Skip to main content

Granholm Announces Millions in Executive Branch Cuts

Friday, January 31, 2003

GRAND RAPIDS – In a speech today before the Michigan Press Association, Governor Jennifer M. Granholm outlined more than $4 million in immediate administrative budget cuts she has ordered in the Executive Branch of government. She also outlined directives that could save more than $100 million each year. The State of Michigan is facing a budget deficit of more than $150 million for the fiscal year ending this September and a larger deficit of $1.8 billion next fiscal year.

“ Michigan government has been spending beyond its means for too long,” said Granholm. “The account is overdrawn; we’ve got to quit writing the checks whenever we can.”

Granholm today directed the Department of Management and Budget to enact the following changes immediately:

  • Call in 1,000 vehicles in the state’s motor fleet.
    Savings - $3 million/year
  • Eliminate 15% of the state’s cellular phone usage.
    Savings - $150,000/year
  • Eliminate all color copying.
    Savings - $350,000/year
  • Power down state buildings from 9 p.m. to 6 a.m.
    Savings - $325,000/year
  • Suspend mailings of payroll statements for employees with direct deposit.
    Savings - $400,000/year.

The Governor also announced that she has directed every department of state government to reduce its vendor contracting expenses by at least 7 percent – a potential savings of more than $100 million. She will order a hiring freeze for most unfilled positions within state government, pause all management bonuses for those employees who had been eligible, and pause per diem and travel payments for state boards and commissions.

“ These cuts may not be huge,” said Granholm, “and they certainly won’t fill the entire budget hole – but as every family knows: in tight budget times, every penny counts.”

In her remarks to the press association, Granholm detailed the “road the state has traveled to this budget crash.” She pointed to an unexpected $142 million drop in tax revenue in the two months between November 2002 and January 2003 as the reason for the shortfall in the state’s school aid fund.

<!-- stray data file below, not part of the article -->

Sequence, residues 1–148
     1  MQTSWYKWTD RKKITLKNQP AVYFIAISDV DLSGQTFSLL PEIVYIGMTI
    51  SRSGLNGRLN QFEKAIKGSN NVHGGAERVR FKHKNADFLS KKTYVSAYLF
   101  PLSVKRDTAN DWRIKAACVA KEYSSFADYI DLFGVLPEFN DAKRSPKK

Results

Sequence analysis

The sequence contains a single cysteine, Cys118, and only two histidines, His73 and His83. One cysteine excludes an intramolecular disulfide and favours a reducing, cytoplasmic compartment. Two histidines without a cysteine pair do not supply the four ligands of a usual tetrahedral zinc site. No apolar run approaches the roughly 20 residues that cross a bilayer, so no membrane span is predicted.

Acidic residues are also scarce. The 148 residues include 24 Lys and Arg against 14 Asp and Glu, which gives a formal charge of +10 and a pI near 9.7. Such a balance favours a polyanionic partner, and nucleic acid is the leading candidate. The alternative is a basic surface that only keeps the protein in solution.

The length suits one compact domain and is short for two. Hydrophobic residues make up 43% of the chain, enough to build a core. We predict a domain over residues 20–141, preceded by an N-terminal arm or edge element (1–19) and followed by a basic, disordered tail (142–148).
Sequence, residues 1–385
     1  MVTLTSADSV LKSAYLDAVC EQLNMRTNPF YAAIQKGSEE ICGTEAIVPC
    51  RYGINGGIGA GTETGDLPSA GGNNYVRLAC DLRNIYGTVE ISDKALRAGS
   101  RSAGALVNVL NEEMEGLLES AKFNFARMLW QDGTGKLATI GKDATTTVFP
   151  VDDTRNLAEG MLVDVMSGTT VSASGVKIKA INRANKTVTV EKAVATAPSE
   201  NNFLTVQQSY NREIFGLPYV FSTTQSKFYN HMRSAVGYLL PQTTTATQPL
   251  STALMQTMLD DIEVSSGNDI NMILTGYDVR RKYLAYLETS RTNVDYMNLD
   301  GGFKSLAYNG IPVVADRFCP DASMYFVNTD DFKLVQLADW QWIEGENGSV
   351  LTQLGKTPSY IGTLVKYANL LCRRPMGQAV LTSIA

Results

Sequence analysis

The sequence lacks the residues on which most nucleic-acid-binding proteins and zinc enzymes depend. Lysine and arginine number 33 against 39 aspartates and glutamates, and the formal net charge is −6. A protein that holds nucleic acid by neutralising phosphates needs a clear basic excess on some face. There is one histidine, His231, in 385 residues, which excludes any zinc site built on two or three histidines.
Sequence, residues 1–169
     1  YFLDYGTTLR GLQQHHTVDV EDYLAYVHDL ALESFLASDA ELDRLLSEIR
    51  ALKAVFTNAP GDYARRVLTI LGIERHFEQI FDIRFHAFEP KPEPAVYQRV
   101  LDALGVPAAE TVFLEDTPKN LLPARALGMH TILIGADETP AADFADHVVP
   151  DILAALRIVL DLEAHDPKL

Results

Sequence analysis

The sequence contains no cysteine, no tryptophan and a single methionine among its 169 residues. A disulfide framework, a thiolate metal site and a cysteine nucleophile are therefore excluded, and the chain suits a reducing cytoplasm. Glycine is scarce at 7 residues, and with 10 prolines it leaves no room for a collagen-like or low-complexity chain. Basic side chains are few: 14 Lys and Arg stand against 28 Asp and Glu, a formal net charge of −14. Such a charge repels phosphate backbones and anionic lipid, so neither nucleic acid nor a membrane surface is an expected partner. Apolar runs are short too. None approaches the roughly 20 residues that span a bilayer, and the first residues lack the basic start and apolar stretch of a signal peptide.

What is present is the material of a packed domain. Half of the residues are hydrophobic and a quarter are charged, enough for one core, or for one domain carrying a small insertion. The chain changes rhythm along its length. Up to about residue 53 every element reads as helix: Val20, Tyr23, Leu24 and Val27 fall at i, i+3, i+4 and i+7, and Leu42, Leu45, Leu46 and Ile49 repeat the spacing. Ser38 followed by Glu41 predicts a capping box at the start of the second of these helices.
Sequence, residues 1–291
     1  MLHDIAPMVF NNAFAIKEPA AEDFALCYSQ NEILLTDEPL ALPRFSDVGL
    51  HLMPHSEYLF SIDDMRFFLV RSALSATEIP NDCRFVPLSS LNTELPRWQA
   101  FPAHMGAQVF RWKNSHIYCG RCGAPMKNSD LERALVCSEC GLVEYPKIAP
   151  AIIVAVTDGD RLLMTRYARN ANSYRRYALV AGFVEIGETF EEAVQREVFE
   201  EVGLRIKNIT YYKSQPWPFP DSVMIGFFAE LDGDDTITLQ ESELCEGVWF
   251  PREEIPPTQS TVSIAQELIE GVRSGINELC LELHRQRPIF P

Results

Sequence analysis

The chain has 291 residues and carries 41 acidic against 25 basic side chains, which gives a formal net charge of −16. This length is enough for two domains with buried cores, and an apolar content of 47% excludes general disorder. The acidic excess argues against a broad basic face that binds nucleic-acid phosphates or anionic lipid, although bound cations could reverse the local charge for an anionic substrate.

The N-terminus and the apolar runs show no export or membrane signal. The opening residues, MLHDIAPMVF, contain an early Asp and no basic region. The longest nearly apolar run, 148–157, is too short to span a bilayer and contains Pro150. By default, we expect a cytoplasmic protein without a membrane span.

“ Everyone saw the budget problems coming,” said Granholm, “even the prior administration. They came up with a series of one-time tax shifts and band-aids that appeared to give the schools enough to pay their bills this year. But halfway through the year, the revenues quit coming in, and the picture changed dramatically. If we didn’t act, the checks would start bouncing.”

State law requires a balanced School Aid Fund. Granholm was forced by law to issue a proration letter to the Legislature earlier this year indicating that the School Aid Fund would have to be cut to account for a shortfall in revenue.

In terms of the state’s General Fund, Granholm argued that Michigan has been spending nearly $1 billion more than it has been taking in for the past two years.

“ There are no more band-aids,” she said, “and no more one-time fixes. When you spend more than you take in, your budget is structurally imbalanced. It’s up to us to make the tough choices to balance the books.”

Granholm used her remarks to underscore that “every department, every agency, and every citizen” will feel the pain of the coming budget cuts. The required cut in the School Aid Fund trimmed school budgets by 1 percent overall. She is negotiating an Executive Order that will result in a total cut to the General Fund of 4.7 percent this year.

“ I want to be honest with the people of Michigan,” said Granholm. “The next few years are going to be difficult. This deficit represents nearly a quarter of the state’s General Fund budget – we’re not going to be able to do all the things people have gotten used to. We could shut every Secretary of State office, shut down the Michigan State Police, close the doors of the Legislature, cut the Executive Office, and close every state court in Michigan and still not have enough to make up the budget shortfall.”

Granholm did say there is good news, however, in the budget picture.

“ There is opportunity in adversity,” she explained. “This is a chance for Michigan to take a different look at how we develop our budget. The state has a budget of almost $38 billion – that’s a huge amount of money. This is an opportunity for the people to take a critical look at how they really want to spend it.”

Granholm expects her Executive Order to be approved by the Legislature next week. She will deliver her first State of the State on February 5.